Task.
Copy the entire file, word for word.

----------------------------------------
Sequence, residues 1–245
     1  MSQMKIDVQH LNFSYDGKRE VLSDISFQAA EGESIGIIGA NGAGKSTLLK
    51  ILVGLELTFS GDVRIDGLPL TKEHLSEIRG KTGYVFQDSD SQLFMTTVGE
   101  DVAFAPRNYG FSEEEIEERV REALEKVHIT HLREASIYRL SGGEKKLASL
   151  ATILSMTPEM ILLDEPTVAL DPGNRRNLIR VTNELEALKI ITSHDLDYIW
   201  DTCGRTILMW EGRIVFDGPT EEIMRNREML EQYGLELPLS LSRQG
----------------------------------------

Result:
Sequence, residues 1–245
     1  MSQMKIDVQH LNFSYDGKRE VLSDISFQAA EGESIGIIGA NGAGKSTLLK
    51  ILVGLELTFS GDVRIDGLPL TKEHLSEIRG KTGYVFQDSD SQLFMTTVGE
   101  DVAFAPRNYG FSEEEIEERV REALEKVHIT HLREASIYRL SGGEKKLASL
   151  ATILSMTPEM ILLDEPTVAL DPGNRRNLIR VTNELEALKI ITSHDLDYIW
   201  DTCGRTILMW EGRIVFDGPT EEIMRNREML EQYGLELPLS LSRQG